Is the next technological revolution already here? The Internet of Things is already transforming our daily lives, our health, education and businesses. And it has the potential to do much more.
The Internet of Things is developing quickly. It’s a phenomenon we’ve been involved with from the start. And we’re helping to shape it. We’ve built a data exchange in Milton Keynes, the UK’s first smart city. We’ve created life-changing applications like Telehealth which lets people manage their own medical conditions. And we’re using our expertise to keep connections secure.
There are about five billion devices on the Internet of Things already, but there will be 25 billion by 2020[i], 250 million of them connected cars[ii]. All these connected objects offer unlimited potential for us to learn how to use them more efficiently, conserve valuable resources and provide better services.
Handling the pressure
Along with those opportunities, the Internet of Things presents technical and security challenges. The coming tidal wave of data means that 50 per cent of IT networks will struggle to cope, and 10 per cent could be overwhelmed, as early as 2018[i].
The need to connect millions of low-powered devices calls for completely new types of WAN technology. Alliances and partnerships among developers and service providers are crucial to make the systems run smoothly.
And we’ll all have to deal with concerns about security, privacy and data protection. Research from IDC suggests that 90 per cent of all IT networks will have a security breach related to the Internet of Things by 2017[ii]. The UK Government has committed £1.6m of funding to develop standards. In the US, the Federal Trade Commission is urging businesses to consider the privacy and security risk of connected devices and improve employee training and awareness.[iii]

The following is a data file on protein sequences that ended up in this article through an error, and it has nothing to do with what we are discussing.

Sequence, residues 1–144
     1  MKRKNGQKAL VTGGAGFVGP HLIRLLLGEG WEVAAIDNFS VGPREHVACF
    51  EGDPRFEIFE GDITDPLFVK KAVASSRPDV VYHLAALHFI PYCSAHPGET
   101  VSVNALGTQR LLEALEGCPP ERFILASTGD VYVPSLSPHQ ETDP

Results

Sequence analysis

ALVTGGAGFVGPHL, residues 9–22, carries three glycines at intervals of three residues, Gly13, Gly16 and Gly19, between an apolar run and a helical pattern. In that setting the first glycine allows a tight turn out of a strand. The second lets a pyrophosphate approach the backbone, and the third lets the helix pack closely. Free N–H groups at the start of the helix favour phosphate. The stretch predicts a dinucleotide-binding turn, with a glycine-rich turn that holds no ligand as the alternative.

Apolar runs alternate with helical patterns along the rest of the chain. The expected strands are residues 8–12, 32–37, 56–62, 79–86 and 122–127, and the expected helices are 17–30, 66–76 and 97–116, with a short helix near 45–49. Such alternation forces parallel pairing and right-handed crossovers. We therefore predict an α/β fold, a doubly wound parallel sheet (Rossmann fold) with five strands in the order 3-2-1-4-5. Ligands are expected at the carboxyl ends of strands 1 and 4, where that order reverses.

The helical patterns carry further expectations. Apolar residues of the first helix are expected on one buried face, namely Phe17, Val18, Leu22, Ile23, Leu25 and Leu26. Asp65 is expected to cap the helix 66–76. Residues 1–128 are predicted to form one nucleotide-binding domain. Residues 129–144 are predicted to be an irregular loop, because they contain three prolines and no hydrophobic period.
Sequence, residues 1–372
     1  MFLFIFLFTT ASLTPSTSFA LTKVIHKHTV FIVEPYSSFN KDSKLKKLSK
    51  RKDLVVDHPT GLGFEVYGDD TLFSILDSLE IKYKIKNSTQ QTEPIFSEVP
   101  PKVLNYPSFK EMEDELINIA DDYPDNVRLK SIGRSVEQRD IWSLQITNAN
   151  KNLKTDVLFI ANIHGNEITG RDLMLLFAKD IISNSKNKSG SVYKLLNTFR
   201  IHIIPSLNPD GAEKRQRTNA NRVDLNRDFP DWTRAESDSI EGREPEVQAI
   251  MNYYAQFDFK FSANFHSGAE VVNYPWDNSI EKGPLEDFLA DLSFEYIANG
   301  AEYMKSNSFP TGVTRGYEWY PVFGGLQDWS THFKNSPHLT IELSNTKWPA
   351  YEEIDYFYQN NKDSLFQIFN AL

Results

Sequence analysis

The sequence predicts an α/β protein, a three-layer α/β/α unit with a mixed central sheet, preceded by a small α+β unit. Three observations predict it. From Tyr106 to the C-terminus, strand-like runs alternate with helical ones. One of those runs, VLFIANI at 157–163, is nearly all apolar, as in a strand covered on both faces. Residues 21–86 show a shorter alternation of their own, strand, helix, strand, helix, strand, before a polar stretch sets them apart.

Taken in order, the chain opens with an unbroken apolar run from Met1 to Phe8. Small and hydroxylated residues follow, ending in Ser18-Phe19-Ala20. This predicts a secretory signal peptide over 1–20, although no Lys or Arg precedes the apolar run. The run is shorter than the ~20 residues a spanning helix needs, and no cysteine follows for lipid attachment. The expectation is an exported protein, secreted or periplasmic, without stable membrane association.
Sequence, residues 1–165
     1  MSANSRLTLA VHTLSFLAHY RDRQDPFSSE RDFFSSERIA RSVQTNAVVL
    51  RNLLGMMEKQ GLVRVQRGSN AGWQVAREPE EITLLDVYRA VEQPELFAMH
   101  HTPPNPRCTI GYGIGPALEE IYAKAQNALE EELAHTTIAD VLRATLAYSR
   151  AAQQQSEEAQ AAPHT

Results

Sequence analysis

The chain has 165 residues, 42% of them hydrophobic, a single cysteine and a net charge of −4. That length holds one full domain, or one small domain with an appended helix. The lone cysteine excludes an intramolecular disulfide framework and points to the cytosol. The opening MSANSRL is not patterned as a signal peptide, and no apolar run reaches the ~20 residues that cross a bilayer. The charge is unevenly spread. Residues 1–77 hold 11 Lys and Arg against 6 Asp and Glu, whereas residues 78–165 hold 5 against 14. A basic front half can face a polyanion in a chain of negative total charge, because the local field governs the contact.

Add the challenges of big data management and analytics, and of developing applications which benefit businesses and society alike, and most organisations will be looking for someone they can trust to guide them. Having a networking partner with the right reach, capacity and expertise, and one who’s already investing in these new technologies, will be vital.
A guide you can trust
We’ve been involved in the Internet of Things since before the term was coined[i]. We’ve been applying our expertise in sensing and connectivity to supply chains for some time. Now we’re pioneering data exchange and leading the way with life-changing applications.
We have one of the most extensive and advanced communications networks in the world and we’re leaders in cyber security. We have skills in connectivity, data exchanges, applications and security to help you make the most of the opportunities in the Internet of Things – and avoid the pitfalls.
The many different networking technologies businesses will need come with their own complexities. We have the know-how to help manage them. And we can bring them together through our global network with every type of access, including ultrafast broadband, WiFi, mobile, satellite, RFID, Bluetooth and NFC. We’re investigating connectivity designed specifically for the Internet of Things, like Low Power Wide Area Networks. They connect thousands of low-cost, low-power devices like sensors, smart meters, location trackers and broadband hubs, which stay on for years.
Connecting the supply chain